commencement of the third and most brilliant period of the art was signalized by the rebuilding of Athens, the establishment of regular principles for the laying out of cities by Hippodamus of Mile­tus, and the great works of the age of Pericles, by the contemporaries of Pheidias, at Athens, Eleusis, and Olympia ; during its course every city of Greece and her colonies was adorned with splendid edifices of every description ; and its termination is marked by the magnificent works of Deinocrates and his contemporaries at Alexandria, vAntioch, and other cities. The first part of the fourth pe­riod saw the extension of the Greek architecture over the countries conquered by Alexander, and, in the West, the commencement of the new style, which arose from the imitation, with some alter­ations, of the Greek forms by Roman architects, to which the conquest of Greece gave, of course, a new impulse. By the time of Augustus, Rome was adorned with every kind of public and pri­vate edifice, surrounded by villas, and furnished with roads and aqueducts ; and these various erections were adorned by the forms of Grecian art; but already Vitruvius begins to complain that the purity of that art is corrupted by the intermix­ture of heterogeneous forms. This process of dete­rioration went on rapidly during the.fifth period, though combined at first with increasing mag­nificence in the scale and number of the buildings erected. The early part of this period is made illus­trious by the numerous works of Augustus, and his successors, especially the Flavii, Nerva, Trajan, Hadrian, and the Antonmes, at Rome and in the provinces ; but from the time of the Antonines the decline of the art was rapid and decided. In one department, a new impulse was given to architec­ture by the rise of Christian churches, which were generally built on the model of the Roman Basilica. One of the most splendid specimens of Christian architecture is the church of S. Sophia at Constan­tinople, built in the reign of Justinian, A. d. 537, and restored, after its partial destruction by an earthquake, in 554. But, long before this time, the Greco-Roman style had become thoroughly corrupted, and that new style, which is called the Byzantine, had arisen out of the mixture of Roman architecture with ideas derived from the Northern nations. It is beyond our limits to pursue the history of this and later styles of the art.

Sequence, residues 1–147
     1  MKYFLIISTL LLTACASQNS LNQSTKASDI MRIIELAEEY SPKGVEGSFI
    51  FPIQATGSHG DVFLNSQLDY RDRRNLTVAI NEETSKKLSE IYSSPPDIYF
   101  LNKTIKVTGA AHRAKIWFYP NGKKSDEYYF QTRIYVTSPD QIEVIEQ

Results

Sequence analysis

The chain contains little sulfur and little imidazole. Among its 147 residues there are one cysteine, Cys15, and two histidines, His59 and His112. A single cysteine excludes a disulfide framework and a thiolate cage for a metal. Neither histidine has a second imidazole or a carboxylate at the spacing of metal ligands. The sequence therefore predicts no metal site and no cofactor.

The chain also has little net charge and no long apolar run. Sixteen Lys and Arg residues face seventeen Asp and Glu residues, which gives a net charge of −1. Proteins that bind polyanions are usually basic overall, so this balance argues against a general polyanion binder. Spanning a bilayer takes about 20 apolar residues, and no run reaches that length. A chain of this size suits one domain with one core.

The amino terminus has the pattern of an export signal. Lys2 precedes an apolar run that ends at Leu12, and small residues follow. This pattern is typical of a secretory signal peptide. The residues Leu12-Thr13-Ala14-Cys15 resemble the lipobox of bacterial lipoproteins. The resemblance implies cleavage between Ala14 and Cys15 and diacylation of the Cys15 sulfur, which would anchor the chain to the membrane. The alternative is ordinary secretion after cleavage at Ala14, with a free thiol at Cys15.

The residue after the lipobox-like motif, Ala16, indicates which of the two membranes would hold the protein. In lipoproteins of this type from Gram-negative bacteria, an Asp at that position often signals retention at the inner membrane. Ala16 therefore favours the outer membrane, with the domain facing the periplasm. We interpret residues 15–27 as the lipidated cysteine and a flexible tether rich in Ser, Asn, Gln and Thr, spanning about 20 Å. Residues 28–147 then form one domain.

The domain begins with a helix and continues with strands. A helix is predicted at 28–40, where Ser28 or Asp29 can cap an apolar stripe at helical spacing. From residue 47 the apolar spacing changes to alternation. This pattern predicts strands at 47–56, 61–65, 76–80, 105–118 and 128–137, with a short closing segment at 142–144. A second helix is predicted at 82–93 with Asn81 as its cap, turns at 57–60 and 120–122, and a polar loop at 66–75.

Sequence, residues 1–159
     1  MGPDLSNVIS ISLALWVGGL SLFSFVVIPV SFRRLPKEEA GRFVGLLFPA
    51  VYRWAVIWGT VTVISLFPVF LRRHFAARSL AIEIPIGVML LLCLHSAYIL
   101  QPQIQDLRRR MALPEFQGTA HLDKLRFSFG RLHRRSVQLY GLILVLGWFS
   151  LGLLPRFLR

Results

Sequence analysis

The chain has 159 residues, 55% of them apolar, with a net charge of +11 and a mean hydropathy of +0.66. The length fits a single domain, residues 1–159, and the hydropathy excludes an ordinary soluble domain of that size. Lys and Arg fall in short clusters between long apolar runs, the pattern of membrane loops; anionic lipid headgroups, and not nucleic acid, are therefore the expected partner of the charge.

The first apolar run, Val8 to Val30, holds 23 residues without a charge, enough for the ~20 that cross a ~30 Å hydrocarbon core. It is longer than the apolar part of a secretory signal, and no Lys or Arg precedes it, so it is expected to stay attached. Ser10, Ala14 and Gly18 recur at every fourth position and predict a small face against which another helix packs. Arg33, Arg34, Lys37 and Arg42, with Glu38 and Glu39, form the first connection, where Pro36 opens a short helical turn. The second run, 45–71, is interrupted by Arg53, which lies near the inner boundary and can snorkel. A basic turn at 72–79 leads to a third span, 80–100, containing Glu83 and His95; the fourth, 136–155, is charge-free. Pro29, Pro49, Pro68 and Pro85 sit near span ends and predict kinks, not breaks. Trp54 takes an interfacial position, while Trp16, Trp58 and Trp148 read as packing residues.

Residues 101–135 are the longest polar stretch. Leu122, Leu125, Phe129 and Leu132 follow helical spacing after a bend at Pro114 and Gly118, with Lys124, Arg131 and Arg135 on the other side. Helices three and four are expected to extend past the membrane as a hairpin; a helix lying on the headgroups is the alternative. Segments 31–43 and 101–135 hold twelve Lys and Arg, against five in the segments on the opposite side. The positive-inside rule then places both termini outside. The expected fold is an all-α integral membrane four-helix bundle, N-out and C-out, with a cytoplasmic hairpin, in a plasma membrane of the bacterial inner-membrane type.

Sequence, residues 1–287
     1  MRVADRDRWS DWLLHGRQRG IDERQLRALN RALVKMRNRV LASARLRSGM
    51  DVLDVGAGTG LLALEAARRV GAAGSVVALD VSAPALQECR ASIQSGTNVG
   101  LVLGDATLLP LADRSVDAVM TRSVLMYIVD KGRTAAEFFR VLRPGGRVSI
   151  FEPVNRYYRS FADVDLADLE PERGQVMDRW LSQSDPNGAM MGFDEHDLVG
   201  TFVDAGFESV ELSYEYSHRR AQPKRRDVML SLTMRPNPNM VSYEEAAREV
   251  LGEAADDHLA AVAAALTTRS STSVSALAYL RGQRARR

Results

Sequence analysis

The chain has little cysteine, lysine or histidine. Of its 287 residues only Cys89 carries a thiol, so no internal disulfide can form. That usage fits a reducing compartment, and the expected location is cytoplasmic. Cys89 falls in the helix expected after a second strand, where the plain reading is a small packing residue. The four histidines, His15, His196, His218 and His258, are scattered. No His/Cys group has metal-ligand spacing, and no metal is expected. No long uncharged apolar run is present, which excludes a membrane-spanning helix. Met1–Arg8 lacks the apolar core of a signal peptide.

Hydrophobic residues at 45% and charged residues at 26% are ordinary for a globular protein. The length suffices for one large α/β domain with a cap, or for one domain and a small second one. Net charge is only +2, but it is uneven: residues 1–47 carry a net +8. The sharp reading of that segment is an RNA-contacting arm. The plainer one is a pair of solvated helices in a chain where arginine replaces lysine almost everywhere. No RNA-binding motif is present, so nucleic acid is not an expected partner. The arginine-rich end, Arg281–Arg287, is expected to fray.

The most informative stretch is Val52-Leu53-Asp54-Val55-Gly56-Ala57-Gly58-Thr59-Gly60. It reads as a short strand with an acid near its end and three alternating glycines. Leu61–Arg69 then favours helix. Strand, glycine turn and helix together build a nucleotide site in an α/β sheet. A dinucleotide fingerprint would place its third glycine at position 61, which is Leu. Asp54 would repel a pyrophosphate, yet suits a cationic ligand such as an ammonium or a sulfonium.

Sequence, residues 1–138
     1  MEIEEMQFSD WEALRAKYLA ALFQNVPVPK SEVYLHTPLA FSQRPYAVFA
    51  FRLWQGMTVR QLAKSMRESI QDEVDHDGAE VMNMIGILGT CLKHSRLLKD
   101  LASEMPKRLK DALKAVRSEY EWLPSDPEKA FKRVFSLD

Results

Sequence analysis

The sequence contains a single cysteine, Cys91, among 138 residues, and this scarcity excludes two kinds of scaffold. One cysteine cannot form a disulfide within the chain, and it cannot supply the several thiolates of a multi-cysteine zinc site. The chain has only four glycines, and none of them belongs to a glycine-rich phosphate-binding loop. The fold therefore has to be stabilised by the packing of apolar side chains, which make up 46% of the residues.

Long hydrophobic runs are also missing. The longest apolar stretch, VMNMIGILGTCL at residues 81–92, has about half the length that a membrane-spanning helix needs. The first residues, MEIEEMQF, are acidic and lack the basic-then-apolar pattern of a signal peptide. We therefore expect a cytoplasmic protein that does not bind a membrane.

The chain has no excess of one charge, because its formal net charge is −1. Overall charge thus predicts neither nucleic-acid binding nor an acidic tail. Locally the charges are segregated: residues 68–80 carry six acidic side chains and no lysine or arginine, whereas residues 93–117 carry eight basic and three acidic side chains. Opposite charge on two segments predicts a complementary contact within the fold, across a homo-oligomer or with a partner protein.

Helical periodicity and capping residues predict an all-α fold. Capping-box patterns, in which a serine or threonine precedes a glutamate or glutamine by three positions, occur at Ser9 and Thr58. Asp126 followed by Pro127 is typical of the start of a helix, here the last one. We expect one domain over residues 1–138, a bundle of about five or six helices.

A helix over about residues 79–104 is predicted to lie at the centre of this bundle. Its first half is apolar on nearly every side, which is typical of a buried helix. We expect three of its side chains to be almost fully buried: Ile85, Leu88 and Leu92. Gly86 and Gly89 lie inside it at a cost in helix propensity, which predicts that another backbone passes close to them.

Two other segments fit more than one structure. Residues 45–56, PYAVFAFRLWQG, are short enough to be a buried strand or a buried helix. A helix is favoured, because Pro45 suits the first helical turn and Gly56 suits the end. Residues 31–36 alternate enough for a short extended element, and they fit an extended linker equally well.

Of the ancient writers, from whom our knowledge of the subject is derived, the most important is, of course, Vitruvius. The following are the principal modern works on the general subject: — Winckel- mann, Anmerkungen uber die Baukunst der Alien, 1762; Stieglitz, Arclidologie der Baukunst, 1801, and GescJdchte der Baukunst^ 1827 ; Hirt, Baukunst nacJi den Grunds'dtzen der Alien, 1809, and Ges- chichte der Baukunst bei den Alien, 1821; Muller, Handbucfi der Arclidologie der Kunst, 1825 ; the various works of travels, topography, and anti­ quities, such as those of Stuart, Chandler, Clarke, Dodwell, &c., all the most important of which will be found cited by the authorities referred to; and, for Central Italy, Miiller's Etrusker, and Abeken's Mittelitalien vor der Romiscchen Herr- scliaft. [P. S.]


ARCHON (&pxuv)* The government of Athens appears to have gone through the cycle of changes, which ancient history records as the lot of many other states. It began with monarchy ; nnd